Single women in New Jersey are bucking the national trend by showing that their real estate investments are paying off better than most home purchases by single men.

Chris Clinton, ThinkStock

In a new report from housing data group RealtyTrac, the Garden State fails to follow the national men-over-women real estate gender gap.

According to the report, which looked at more than 2.1 million single-family homes owned by either single men or single women nationwide, homes owned by single men have appreciated $10,112, or 16 percent, more since purchase when compared to homes owned by single women.

Blomquist said the report's home value figures point directly to a wage gap between males and females, giving women less purchasing power.

According to a September 2015 update from the American Association of University Women, median earnings for men in New Jersey are 20 percent greater than those of women, compared to a 21 percent gap nationwide.

Nationally, single women also tended to own homes in higher crime neighborhoods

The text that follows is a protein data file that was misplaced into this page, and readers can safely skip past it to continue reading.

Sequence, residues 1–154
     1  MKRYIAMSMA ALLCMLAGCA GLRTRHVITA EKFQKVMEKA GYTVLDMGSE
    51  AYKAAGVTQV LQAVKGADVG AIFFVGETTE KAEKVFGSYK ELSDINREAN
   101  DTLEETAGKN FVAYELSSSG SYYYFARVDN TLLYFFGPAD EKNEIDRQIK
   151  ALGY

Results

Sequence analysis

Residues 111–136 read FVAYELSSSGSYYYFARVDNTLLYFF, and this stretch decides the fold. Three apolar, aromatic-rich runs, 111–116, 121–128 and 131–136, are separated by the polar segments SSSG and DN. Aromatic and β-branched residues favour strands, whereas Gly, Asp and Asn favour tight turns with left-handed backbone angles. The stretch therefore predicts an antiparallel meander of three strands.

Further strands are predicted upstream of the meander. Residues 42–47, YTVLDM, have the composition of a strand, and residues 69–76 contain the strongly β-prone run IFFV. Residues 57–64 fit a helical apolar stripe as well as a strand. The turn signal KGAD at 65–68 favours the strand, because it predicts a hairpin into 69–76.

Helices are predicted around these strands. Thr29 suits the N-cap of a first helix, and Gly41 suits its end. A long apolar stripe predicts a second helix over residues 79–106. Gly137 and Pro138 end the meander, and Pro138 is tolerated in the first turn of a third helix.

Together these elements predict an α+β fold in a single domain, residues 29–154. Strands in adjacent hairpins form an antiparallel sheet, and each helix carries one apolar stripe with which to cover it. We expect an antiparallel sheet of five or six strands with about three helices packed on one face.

But in New Jersey, appreciation gained by women outweighed that by men.

"From a dollar-figure standpoint, we're showing that single women homeowners have gained over $38,000 in their homes since they purchased it, whereas single men homeowners have earned just shy of $30,000," said Daren Blomquist, senior vice president for RealtyTrac. "That is a 29 percent difference."

In Monmouth County, for example, single men saw their homes grow in value by 4.91 percent over time, compared to a 10.48 percent jump for single women.

Home appreciation favored men in Atlantic, Cape May, Cumberland, Essex, Gloucester, Mercer, Ocean, Passaic and Union counties, but the state overall still posts numbers that are a far cry from those of West Virginia, Wisconsin and Alabama, where average home value gains were at least 40 percent higher for men.

There were no numbers on record for Sussex County.

In the category of current market value, the report showed homes owned by single men are valued, on average, 10 percent more nationwide.

In New Jersey, that gap is cut in half.

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